The full extent of workplace sexual harassment has been flying under the radar for decades, largely due to a lack of data. Statistics from the Angus Reid Institute, published in early 2018, help paint a rare picture of the scope of the issue in Canada. Half of women have experienced it, and nine out of ten said they use strategies at work to avoid such treatment, such as steering clear of certain people or changing how they dress. As well as showing an alarmingly high rate of workplace harassment, the data highlights just how misunderstood it is. According to the survey, 56 percent of men between the ages of eighteen and thirty-four agree with the statement “it’s hard to tell where ‘the line’ is these days” between acceptable and inappropriate behaviour—and the number creeps up the older respondents are, reaching a peak of 64 percent for men ages fifty-five and up.

In 2018, Statistics Canada conducted the first Survey of Safety in Public and Private Spaces. The survey aimed to measure the wide swath of behaviours that have gone underresearched and unreported because they typically do not meet the threshold of criminality—catcalls, for example. Harassment that occurs in public spaces (whether online or at work) has received comparatively less research attention than, for instance, domestic violence.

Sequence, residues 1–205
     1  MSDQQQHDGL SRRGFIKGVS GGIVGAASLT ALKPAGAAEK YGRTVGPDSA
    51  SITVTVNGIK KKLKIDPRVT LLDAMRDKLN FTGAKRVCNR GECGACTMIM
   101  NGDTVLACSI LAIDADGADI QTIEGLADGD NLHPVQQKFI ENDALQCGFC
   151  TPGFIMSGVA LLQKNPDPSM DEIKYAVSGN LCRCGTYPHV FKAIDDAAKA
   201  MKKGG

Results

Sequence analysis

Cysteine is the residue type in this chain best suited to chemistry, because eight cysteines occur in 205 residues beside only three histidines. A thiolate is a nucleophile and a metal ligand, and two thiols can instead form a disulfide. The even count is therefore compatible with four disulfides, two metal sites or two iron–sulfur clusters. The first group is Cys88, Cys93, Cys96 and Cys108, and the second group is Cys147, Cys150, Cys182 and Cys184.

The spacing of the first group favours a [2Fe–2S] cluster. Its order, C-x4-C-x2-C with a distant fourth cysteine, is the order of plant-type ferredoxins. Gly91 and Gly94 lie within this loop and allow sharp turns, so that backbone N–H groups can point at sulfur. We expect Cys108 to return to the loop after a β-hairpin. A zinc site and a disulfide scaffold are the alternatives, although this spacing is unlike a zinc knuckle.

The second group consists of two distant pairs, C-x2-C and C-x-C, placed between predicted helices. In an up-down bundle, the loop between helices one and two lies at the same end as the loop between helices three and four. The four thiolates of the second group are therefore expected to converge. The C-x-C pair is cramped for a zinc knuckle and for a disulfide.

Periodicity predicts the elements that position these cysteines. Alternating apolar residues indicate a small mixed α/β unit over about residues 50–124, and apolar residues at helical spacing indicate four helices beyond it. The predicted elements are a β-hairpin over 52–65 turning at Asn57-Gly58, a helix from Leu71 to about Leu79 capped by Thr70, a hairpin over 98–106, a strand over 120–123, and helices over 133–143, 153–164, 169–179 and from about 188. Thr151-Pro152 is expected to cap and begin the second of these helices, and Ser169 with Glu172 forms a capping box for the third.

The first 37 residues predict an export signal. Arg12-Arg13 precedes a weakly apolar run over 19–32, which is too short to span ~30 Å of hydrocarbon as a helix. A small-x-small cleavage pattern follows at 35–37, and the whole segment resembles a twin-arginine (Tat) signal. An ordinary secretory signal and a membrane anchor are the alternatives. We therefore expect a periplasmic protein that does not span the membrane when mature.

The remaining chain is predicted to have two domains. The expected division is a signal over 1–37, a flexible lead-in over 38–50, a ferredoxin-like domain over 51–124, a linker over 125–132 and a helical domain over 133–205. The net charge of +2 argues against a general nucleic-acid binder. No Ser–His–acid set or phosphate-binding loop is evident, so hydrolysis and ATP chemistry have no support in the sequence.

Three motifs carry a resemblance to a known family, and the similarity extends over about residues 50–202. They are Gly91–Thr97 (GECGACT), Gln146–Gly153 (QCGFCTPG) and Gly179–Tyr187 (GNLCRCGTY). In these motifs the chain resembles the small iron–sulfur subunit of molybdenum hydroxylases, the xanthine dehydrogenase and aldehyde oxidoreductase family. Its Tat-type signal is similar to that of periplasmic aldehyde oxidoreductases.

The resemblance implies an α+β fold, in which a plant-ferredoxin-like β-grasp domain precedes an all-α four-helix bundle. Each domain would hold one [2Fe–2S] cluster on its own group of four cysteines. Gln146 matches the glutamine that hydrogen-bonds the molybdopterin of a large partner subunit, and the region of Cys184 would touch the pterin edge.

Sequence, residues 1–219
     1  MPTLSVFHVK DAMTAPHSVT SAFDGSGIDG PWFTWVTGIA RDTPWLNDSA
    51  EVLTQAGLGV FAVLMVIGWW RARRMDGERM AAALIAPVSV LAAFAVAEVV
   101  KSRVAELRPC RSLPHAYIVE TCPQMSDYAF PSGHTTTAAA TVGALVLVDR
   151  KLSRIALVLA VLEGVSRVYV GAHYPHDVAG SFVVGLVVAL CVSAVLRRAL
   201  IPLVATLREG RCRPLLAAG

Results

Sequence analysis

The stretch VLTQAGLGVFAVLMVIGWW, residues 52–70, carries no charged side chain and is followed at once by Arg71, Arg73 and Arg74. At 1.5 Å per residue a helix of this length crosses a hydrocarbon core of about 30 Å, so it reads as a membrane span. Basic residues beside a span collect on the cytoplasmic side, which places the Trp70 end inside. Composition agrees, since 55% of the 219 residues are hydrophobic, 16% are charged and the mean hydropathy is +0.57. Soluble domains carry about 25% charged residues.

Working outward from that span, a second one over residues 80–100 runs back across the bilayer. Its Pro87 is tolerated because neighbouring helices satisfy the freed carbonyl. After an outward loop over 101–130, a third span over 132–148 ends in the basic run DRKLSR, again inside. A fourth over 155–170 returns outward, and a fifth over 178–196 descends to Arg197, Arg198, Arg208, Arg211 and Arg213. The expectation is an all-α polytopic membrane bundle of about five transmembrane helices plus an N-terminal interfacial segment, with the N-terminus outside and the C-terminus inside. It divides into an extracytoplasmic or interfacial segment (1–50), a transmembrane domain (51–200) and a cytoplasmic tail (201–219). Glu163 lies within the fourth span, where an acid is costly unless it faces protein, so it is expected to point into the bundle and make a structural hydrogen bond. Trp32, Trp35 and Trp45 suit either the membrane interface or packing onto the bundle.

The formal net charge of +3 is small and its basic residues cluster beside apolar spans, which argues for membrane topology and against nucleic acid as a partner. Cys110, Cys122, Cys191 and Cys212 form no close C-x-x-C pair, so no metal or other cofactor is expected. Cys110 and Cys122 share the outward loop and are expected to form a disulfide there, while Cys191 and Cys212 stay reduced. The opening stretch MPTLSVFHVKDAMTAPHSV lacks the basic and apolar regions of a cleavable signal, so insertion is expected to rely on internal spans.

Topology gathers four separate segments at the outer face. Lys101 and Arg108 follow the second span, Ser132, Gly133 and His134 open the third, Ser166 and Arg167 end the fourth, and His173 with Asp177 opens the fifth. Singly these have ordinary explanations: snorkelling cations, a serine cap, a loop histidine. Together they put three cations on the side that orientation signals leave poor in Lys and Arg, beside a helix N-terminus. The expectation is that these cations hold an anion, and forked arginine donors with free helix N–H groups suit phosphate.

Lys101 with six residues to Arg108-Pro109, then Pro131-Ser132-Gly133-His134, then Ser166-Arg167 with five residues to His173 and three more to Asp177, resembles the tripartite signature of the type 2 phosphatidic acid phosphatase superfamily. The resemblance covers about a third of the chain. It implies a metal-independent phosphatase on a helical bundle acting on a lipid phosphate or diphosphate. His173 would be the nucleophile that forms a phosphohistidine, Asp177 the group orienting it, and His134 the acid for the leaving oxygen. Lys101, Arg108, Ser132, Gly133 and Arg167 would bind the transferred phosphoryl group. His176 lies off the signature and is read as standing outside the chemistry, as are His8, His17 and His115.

The desire to look into workers’ experiences is encouraging—without concrete evidence, employers may not know that change is even necessary, let alone how to implement it. But the data still leaves many questions unanswered: for example, it usually isn’t desegregated by ethnicity, ability, immigration status, or sexual orientation, making it hard to examine how workplace harassment intersects with racism, transphobia, ableism, and ageism.

Moreover, little has been done to assess how underreporting obscures the problem. “Women already feared reprisal [before the pandemic],” says Anuradha Dugal, senior director of community initiatives and policy for the Canadian Women’s Foundation. “At the very beginning of #MeToo, there were many women in corporate Canada who said, quietly and anonymously, ‘There’s no way I would report any of the sexual harassment I’ve experienced at work, because I know it would have a detrimental effect on my career.’ Those systemic barriers are already there.” People may also feel like an incident is not significant enough to report. “It’s kind of like death by one thousand flashes,” Porteous explains: one incident feels too dramatic to raise and so goes unmentioned. And then so does the next.